By George Mathew, chief medical officer, North America, DXC Technology.
Consumer technology has given rise to 21st century digital citizens who are reinventing their lifestyles ? one smart device at a time. They are also reinventing healthcare.
The 21st century digital citizen monitors their daily calorie intake, sleep patterns and heart rate during exercise. They have used a DNA testing service to access their genetic information, and they know their risk level for conditions such as Alzheimer’s disease or cancer. They have become empowered consumers of healthcare.
Healthcare organizations are exploring ways to capture this new wave of patient-generated data, integrate it with other clinical and non-clinical data sources and gain insights into improving health management for individuals and populations. The key will be to create a digital foundation that can radically improve data flow and deliver contextual, actionable insights across the entire healthcare ecosystem.
21st Century Outcomes
Consumerization has made it possible to get a more complete picture of what patients need to better manage their health, and to provide care beyond the walls of a hospital or clinic. Insights can be gleaned from a variety of internet of things (IoT) devices ? from cameras linked to video analytics systems to assess people’s behaviors, to communication and conversational artificial intelligence (AI) devices that can interact with patients in their homes.
Consider what this means for patients who are managing a chronic condition such as diabetes or hypertension. Those individuals receive advice when they visit their doctor or nurse practitioner. But how can providers keep patient engagement going between those visits? Now, after garnering the appropriate approvals, providers can use patient-generated data and virtual health services to monitor patients and ensure they have the information needed for their care without requiring an office visit. Increased interactions between practitioners and patients helps to increase engagement, which is often difficult to achieve between visits. Better-engaged patients will positively impact patient satisfaction scores — a key consideration in the value-based care system.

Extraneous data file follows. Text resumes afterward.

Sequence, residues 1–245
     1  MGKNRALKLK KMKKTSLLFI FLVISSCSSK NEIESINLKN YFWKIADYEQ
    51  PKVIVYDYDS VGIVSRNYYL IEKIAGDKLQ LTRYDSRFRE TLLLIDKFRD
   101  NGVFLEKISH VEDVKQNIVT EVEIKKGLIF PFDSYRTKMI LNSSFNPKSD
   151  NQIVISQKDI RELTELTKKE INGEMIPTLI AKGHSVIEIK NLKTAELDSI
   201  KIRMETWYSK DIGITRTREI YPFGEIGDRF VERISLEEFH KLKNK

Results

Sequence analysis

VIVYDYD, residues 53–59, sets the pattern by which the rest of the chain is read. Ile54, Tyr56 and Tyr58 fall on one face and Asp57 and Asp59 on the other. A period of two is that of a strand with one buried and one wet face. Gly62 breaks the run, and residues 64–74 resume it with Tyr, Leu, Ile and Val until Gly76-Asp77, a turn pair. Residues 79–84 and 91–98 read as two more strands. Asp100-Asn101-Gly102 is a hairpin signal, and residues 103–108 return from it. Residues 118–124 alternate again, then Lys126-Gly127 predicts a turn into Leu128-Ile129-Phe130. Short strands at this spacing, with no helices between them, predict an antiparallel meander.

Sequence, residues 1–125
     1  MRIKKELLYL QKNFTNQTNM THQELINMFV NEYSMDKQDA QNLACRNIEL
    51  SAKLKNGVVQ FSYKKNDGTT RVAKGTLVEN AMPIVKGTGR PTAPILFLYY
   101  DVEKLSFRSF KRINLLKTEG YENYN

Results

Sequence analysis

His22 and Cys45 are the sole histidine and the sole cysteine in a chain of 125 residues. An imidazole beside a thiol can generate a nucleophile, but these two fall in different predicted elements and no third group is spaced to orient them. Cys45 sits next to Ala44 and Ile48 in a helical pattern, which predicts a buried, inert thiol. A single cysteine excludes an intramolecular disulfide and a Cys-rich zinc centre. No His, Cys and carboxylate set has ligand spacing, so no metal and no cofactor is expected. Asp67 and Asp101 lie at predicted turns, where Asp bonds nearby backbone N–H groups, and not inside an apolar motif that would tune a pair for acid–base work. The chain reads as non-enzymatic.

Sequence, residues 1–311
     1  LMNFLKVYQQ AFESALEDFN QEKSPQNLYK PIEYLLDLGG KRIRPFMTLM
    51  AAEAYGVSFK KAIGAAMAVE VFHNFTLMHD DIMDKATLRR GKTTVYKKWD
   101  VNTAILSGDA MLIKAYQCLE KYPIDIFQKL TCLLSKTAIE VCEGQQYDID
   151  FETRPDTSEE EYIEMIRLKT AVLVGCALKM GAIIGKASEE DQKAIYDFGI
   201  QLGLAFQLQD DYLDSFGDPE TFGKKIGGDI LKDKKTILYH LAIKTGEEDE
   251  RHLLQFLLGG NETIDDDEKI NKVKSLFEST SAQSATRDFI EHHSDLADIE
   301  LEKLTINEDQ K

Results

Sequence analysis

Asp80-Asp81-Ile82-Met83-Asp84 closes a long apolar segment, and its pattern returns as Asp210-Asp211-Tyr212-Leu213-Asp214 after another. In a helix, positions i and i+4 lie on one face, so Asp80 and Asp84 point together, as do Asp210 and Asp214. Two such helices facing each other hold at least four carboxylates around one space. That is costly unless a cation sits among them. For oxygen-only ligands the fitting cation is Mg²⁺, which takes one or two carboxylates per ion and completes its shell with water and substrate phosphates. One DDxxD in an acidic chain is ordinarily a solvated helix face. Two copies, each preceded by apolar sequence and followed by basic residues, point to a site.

Additionally, collecting more types of data enables organizations to better understand the dynamics of the entire population. Patients with similar profiles can be identified, successful care paths can be determined, and emerging patterns can be recognized to help in finding the most effective interventions. And, healthier populations will result in less expense to the healthcare system overall.
Healthcare providers continue to face new and growing challenges across the marketplace. From the release of the MACRA final rule to the consumerization of healthcare, there is a lot to balance and manage. It can be hard to keep up while also trying to provide quality care and get paid. As a result, providers continue to look at alternate payment models according to a new survey from Kareo and the American Academy of Private Physicians (AAPP).
The survey shows that 25 percent of practices are now using some kind of direct pay, concierge, or other membership model in their practice. This number stayed steady from the 2015 study to the 2016 study. Most do not have all their patients on one of these models, but 30 percent have completely transitioned their practice. The results show that many practices are testing these models while still offering patient other options like traditional fee-for-service. This may suggest that physicians want to see how successful the models before shifting their entire practice.